Milk in Fridge – Internet of Things

I think that one day, all food cupboards & fridges/freezers will be smart. All products will have an RFID or video recognize able label which will update a list of product usage. Your local supermarket will gather this information & replenish your products as required – who knows ??
So, I came up with the idea of ‘How much milk is in my fridge’. Well, now I can go on the Internet and see ! -very handy when out shopping :-). I use a load cell to weigh the milk & an oled display for status.

There are 4 parts to this project.
1) Connecting to Wi-Fi using the ESP8266
2) Establishing and making a link to Things peak
3) Connecting the load cell (strain gauge)
4) Connecting a .96 oled mono display.
In brief:
I have a reed switch and magnet on my fridge door. When the door is opened, an interrupt is triggered. The Load cell value is read & converted to ‘pints’ and displayed on the Oled screen. There are 8 attempts made to update Things peak. If 8 updates have not been successful, after a delay of 30 seconds, retry occurs! Each time the fridge door is opened, the counter is reset to zero, thus initiating another 8 attempts. Why 8 attempts? just to give the load cell time to settle – 5 may well be enough!
Milk in Fridge – Internet of Things

Step 1: Step 1: Set up & test the individual parts.

I set up an Arduino Uno to test each of the 4 sections separately, then, when each was working, I merged the code.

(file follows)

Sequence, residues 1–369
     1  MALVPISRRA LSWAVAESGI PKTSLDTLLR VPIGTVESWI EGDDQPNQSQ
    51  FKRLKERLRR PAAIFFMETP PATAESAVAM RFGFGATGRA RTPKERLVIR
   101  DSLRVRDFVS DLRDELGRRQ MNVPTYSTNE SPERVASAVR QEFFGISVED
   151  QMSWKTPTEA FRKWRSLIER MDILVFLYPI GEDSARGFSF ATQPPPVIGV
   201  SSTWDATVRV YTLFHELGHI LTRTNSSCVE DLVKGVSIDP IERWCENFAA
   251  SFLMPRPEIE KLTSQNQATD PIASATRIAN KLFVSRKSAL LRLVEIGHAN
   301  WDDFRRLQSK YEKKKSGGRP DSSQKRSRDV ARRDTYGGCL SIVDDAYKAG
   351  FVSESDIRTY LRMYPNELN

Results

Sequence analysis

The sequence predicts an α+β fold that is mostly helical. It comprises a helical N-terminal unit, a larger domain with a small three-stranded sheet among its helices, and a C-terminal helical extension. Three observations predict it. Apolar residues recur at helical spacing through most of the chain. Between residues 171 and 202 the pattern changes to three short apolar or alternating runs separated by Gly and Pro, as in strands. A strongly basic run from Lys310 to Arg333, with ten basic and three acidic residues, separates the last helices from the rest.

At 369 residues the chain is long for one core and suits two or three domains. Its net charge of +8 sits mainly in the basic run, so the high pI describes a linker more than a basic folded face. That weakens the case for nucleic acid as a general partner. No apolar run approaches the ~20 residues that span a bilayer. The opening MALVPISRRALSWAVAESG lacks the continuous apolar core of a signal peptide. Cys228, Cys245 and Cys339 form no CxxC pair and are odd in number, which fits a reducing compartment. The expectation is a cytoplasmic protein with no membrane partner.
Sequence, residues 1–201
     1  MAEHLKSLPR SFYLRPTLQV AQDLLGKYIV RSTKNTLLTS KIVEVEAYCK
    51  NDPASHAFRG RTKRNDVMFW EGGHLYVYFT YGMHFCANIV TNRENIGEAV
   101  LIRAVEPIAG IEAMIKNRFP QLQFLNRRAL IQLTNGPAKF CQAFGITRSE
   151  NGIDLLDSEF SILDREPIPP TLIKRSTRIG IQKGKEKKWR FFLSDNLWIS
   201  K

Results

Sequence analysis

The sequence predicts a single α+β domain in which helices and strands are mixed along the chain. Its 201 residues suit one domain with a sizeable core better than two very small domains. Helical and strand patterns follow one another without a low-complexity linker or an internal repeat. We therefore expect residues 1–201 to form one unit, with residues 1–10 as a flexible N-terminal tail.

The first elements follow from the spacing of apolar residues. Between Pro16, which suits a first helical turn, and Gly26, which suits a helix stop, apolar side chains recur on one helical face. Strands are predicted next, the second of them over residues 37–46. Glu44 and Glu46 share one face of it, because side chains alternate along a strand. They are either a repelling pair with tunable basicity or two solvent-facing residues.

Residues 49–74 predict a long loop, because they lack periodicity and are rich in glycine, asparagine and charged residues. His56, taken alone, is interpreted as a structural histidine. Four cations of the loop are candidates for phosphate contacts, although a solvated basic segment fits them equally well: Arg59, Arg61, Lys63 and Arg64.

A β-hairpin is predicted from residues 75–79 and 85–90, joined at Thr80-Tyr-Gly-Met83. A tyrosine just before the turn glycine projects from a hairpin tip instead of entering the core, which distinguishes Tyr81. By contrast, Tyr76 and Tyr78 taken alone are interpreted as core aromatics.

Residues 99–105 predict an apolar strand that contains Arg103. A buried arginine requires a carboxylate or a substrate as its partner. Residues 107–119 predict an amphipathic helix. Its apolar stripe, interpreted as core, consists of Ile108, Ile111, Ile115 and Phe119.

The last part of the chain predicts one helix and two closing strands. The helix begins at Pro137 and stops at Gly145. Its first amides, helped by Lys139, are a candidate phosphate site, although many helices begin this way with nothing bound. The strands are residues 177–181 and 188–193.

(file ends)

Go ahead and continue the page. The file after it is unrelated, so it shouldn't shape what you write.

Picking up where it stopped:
My program is about as tidy as an unmade bed, but it works and is fairly readable.
I used a breadboard power supply & fed it with an old 9v psu – this gave me 5v (for the load cell) & 3.3v for the ESP8266 (which can draw up to 300mA according to the spec sheet). I took the Oled 3.3v from the Arduino board.
Pin connections as follows
// oled SDA #A4
// oled SDC #A5 NOTE Supply is 3.3v
// HX711.DOUT – pin #A1 // HX711.PD_SCK – pin #A0 NOTE Supply is 5v
//ESP8266 TX/RX to arduino RX/TX
//Ext USB to serial monitor(10, 11); // RX, TX //DO NOT FORGET TO Common GND ALL devices, power supplies & comms
// int on D2 normally Gnd – goes high when fridge door opened
Note – I was going to use a light sensor to detect when the fridge door was opened, I needed it on interrupt and was too lazy to fathom out how to use an analogue signal to achieve this – hence in the code you will see a variable ‘still dark’.

Step 2: Step 2 : ESP8266

These seem to come with various firmware, which can add to confusion when trying to talk to it.

I spent hours getting this thing to work, here’s hoping this will save you some time.

Once the firmware & speed have been established it is pretty straightforward to use!

I purchased 3 a few months back, all comms were set at 115200baud, a tad quick and not good for communicating with the Arduino using the Software Serial lib.

Establish the speed :

Connect your ESP8266 to TX& RX of a USB – serial convertor (i.e. TX ESP to RX of USB to Serial).

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